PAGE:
0 9/24
2015
U.S. Army Pvt. Tony Gargano, World War II prisoner of war, holds a prayer book at his residence in Tucson, Ariz., Aug. 20, 2015. Gargano carried the little prayer book with him during his time as a POW, tallying each day they marched, in the book, totaling to 30 days. During the march, the POWs had to beg for food, barely surviving off of one meal a day. (U.S. Air Force photo by Airman 1st Class Ashley N. Steffen/Released) The struggle of an imprisoned warrior
Sweat and water mingled in dripping beads, caressing the cheeks of muddied Soldiers in a land rotting with war.It was early in the morning; the world was still black with a sleeping sun. In anticipation, U.S. Army Pvt. Tony Gargano, in Fox Company, waited to launch a secret attack on the German soldier's front line.Not all were willing to fight,
0 9/17
2015
Malcolm Johnson, World War II veteran and former prisoner of war, tells his story at the Tucson Veterans Center in Tucson, Ariz., Aug. 18, 2015. Johnson was a civilian contractor when he was captured in December 1941. Nearly five years after being captured, Johnson was awarded the Bronze Star Medal with Valor in 1947. (U.S. Air Force photo by Senior Airman Chris Massey/Released) Malcolm Johnson: Civilian prisoner of war
Ninety-four-year-old Malcolm "Mickey" Johnson sits in his wheelchair wearing a maroon baseball cap with the words "Survivors of Wake Guam-Cavite" written in light blue letters. Johnson's step-son and daughter-in-law sit attentively while he talks about his experience as a civilian prisoner of war.In April of 1941, Johnson was 19 years old when he
0 9/16
2015
Retired U.S. Army 1st Sgt. Ray Frazier reflects on his time as a prisoner of war during the Korean War at Davis-Monthan Air Force Base, Ariz., Aug. 28, 2015. Frazier joined the army when he was 16 years old, and had to lie about his age just to get in. After serving for two years as a medical NCO, he was captured in South Korea by Chinese soldiers. He spent 865 days, five hours and 15 minutes as a POW in North Korea. Once liberated, Frazier continued to serve in the Army and retired after 22 years of service. (U.S. Air Force photo illustration by Senior Airman Cheyenne A. Powers/Released) A prisoner's war
It began as a civil war, but would soon become an international affair when the United Nations decided to join and support South Korea against North Korea and its ally, the People's Republic of China. One man found himself caught in the middle of it all.Ray "Doc" Frazier, was a young man living in Tennessee with his grandparents and two siblings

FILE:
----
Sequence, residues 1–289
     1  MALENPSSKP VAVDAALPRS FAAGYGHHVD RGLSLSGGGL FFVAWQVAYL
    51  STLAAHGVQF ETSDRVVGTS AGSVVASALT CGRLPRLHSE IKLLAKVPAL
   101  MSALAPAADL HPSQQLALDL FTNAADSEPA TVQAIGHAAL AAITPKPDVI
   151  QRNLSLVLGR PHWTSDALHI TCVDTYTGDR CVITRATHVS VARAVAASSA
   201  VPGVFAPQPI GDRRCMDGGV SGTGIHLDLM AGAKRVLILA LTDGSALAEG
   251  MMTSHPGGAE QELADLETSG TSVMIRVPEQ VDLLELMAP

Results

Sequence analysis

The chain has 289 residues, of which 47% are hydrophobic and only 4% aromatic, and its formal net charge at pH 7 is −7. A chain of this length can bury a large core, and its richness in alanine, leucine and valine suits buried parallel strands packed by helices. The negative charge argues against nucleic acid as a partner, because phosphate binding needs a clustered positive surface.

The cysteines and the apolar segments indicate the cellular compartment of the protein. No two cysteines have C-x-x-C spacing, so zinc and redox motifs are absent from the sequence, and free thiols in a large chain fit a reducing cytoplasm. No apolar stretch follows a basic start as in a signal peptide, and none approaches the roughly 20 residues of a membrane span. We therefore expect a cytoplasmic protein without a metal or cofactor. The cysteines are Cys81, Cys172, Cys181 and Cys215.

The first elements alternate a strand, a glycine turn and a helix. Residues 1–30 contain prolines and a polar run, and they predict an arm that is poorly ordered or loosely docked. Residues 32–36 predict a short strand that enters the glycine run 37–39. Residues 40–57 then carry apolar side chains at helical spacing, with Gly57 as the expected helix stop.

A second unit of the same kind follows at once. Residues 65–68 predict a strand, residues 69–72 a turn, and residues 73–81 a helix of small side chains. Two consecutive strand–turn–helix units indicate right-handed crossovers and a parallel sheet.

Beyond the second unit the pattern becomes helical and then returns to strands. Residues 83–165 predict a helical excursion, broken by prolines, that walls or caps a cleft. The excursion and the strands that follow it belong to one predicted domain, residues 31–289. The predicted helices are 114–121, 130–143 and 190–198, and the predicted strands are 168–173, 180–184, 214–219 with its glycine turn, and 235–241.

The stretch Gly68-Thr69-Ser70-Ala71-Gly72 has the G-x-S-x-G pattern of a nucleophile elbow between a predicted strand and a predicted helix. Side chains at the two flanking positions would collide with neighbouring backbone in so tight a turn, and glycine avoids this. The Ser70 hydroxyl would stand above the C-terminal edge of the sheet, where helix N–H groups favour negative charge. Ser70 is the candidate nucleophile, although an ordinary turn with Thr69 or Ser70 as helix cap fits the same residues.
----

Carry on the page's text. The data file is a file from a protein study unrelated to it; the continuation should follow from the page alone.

0 9/15
2015
U.S. Air Force Senior Airman Yevgeniy Sokolov, 355th Aircraft Maintenance Squadron crew chief, stands on a treadmill in preparation to start a VO2 max test at the Health and Wellness Center at Davis-Monthan Air Force Base, Ariz., Sept. 2, 2015. The VO2 max measures the maximum amount of oxygen the body is able to use during a period of intense exercise depending on the subject’s weight and the strength of their lungs. (U.S. Air Force photo by Airman 1st Class Ashley N. Steffen/Released) Eating; Back to basics
The smell of baking cheese, sizzling meats, and toasting bread waft into the air. In the oven, a pizza rests with its oils glistening in the kitchen lights, waiting to be devoured.While pizza may make mouths water uncontrollably and stomachs lurch with desire, it also may leave you craving for more food. In fact, many foods leave you feeling full
0 9/14
2015
U.S. Marine Corps Capt. Jonathon Leach, 41st Electronic Combat Squadron mission crew commander stands with U.S. Air Force EC-130H Compass Call crew members on the flightline at Davis-Monthan Air Force Base, Ariz., July 31, 2015. He is part of a three-year inter-service exchange program where he flies with Airmen from the 41st ECS. Leach is from Marine Corps Air Station Cherry Point, N.C. (U.S. Air Force photo by Airman 1st Class Cheyenne Morigeau/Released) Jamming the enemy with joint integration
Walking the halls of the 41st Electronic Combat Squadron is an unfamiliar uniform. Leaving the flight deck of the EA-6B Prowler behind for a few years, U.S. Marine Corps Capt. Jonathon Leach from Marine Corps Air Station Cherry Point, North Carolina, joins the Desert Lightning Team.Leach is part of a three-year inter-service exchange program where
0 7/31
2015